Court: TN Court of Appeals


James E. Looper, Jr., Jennifer Eberle, John Everette Hall, Jr., and John R. Gerstein, Nashville, Tennessee, and Gabriela A. Richeimer, Washington D.C., for the appellants, Baptist Hospital Systems, Inc. et al.

Joseph P. Bednarz, Sr., Nashville, Tennessee, and Steven Rand Walker, Oakland, Tennessee, for the appellees, James and Patricia Cullum.


The trial court prohibited the use of taped testimony from a prior trial when a doctor exercised his statutory right not to appear at trial, ordering that the doctor “needs to testify live or not at all.” Efforts of the defendants’ counsel to secure the doctor’s live testimony were successful, only to have the plaintiffs’ counsel argue that counsel was being ambushed. The trial court finally determined not to allow the doctor to testify. The issues relating to prohibiting the doctor’s taped testimony and then prohibiting the doctor’s live testimony were appealed, along with other issues that arose during the trial. We find these two testimonial issues dispositive. We reverse the trial court on both issues and remand for a new trial.


Court: TN Court of Appeals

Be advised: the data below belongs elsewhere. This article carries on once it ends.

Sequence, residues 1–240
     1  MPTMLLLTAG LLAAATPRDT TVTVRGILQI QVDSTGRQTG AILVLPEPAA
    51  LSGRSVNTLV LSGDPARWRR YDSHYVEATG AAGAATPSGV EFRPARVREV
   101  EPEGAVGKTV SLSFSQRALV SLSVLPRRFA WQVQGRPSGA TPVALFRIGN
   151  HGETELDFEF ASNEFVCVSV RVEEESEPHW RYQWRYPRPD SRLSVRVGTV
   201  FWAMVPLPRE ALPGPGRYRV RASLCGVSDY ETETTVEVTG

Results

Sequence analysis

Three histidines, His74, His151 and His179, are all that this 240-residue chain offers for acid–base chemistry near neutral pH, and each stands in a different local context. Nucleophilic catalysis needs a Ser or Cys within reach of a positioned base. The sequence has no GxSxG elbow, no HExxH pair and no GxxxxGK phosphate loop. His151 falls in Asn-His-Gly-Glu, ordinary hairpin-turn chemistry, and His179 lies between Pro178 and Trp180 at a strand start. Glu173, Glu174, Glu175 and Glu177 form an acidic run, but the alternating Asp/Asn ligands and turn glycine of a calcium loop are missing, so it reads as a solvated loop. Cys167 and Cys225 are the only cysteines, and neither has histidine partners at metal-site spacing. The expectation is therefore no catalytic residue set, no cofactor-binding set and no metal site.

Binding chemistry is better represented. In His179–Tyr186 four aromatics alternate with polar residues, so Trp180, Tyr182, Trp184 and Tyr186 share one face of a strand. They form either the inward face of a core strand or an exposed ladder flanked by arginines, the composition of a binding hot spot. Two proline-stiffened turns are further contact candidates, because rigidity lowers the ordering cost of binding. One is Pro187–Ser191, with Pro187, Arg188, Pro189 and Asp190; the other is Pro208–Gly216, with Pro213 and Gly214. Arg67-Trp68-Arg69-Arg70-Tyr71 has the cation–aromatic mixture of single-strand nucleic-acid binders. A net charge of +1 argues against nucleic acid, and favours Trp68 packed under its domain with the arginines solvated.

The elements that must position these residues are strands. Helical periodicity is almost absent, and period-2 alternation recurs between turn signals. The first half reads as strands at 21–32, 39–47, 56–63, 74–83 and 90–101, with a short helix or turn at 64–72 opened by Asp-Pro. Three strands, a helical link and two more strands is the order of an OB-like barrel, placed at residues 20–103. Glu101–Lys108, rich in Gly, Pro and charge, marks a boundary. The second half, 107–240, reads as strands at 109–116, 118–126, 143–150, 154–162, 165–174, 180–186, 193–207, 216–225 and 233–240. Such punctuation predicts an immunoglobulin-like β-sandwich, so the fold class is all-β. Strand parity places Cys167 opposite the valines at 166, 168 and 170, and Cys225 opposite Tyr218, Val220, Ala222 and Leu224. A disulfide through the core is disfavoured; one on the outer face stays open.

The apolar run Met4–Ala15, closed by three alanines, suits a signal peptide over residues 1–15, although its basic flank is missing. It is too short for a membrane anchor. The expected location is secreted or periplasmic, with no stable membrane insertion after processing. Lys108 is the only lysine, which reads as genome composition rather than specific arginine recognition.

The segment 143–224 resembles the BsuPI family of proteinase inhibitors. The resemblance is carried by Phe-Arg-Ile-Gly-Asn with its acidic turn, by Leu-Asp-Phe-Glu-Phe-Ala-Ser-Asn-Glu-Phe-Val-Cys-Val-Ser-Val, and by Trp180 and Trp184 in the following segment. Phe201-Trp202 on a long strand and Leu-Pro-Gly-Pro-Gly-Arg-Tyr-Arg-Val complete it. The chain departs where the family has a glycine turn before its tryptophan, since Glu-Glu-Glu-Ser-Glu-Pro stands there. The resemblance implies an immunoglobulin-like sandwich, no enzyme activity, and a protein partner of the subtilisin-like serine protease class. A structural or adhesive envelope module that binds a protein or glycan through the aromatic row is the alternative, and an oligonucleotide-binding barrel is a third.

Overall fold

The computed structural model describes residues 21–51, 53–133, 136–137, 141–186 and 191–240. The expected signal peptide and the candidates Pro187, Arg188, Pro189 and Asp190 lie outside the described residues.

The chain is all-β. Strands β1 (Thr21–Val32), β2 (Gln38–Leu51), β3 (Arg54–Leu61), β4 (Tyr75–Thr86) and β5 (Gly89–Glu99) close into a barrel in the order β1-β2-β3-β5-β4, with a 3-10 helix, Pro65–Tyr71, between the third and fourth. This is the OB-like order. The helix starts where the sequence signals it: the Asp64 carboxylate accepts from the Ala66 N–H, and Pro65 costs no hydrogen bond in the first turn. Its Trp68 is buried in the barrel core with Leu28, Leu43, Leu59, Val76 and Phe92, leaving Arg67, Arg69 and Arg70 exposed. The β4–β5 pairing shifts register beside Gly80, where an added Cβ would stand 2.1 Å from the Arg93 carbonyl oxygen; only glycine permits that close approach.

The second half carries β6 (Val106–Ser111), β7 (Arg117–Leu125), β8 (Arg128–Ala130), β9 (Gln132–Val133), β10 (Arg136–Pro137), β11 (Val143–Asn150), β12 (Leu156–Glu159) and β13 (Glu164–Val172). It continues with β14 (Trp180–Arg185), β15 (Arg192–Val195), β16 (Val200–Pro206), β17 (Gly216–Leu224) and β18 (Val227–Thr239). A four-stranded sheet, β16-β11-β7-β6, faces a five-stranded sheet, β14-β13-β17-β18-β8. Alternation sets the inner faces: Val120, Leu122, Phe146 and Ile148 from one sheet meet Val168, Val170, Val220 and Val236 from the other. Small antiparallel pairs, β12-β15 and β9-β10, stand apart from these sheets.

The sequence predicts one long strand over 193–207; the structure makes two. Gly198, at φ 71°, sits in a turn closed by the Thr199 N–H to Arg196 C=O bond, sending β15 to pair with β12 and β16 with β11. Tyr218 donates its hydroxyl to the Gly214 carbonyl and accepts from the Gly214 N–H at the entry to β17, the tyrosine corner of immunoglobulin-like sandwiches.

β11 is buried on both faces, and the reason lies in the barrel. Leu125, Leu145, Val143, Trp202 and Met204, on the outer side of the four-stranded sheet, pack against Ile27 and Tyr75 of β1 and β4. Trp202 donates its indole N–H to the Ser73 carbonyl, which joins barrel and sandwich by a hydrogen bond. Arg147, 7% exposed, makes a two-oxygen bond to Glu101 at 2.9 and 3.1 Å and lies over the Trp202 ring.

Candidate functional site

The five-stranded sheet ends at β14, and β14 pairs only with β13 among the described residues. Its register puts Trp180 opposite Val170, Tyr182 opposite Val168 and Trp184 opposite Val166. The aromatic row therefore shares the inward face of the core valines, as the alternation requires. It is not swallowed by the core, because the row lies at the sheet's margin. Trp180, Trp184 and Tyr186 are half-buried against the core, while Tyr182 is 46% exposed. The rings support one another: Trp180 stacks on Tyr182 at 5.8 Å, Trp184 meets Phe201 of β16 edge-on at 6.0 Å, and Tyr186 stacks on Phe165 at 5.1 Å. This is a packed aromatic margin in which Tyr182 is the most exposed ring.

Petitioner/Appellant K.B., Lansing, MI, self-represented.

David B. Lyons, Nashville, TN for Respondent/Appellee E.Y.

Judge: KIRBY

This appeal involves the modification of a parenting arrangement. After many years without parenting time, the mother asked the juvenile court to designate her as the primary residential parent for the parties’ daughter. The juvenile court held domestic violence in the father’s home constituted a material change in circumstances. However, the juvenile court concluded that, despite the incidents of domestic violence, it was in the daughter’s best interest for the father to remain as the primary residential parent. The juvenile court awarded the mother alternate residential parenting time. The mother appeals, raising numerous issues. We affirm.


Court: TN Court of Appeals


Candace Watson, Jackson, Tennessee, Pro Se.

Lewis L. Cobb, Jackson, Tennessee, for the appellee, City of Jackson.


This accelerated interlocutory appeal pursuant to Tennessee Supreme Court Rule 10B results from the trial court’s denial of a post-trial recusal motion. The Appellant filed a motion seeking recusal of the trial judge from presiding over the preparation of the record for her appeal of the substantive issues in the case. The trial judge denied the motion by written order, making specific findings of fact. The Appellant appeals. Discerning no evidence that would lead a reasonable person to question the trial judge’s impartiality, we affirm the denial of Appellant’s recusal motion.

TN Court of Criminal Appeals


Court: TN Court of Criminal Appeals


Robert E. Cooper, Attorney General and Reporter; Jeffrey D. Zentner, Assistant Attorney General; Randall E. Nichols, District Attorney General; and Kevin Allen, Assistant District Attorney General, for the appellant, State of Tennessee.

Mike Whalen, Knoxville, Tennessee, for the appellee, Joshua E. Webb.

Sherif Guindi, Knoxville, Tennessee, for the appellee, Larry J. Alston.

Robert R. Kurtz (on appeal) and Vanessa Lemons (at trial), for the appellee, Kris T. Young.

Judge: WITT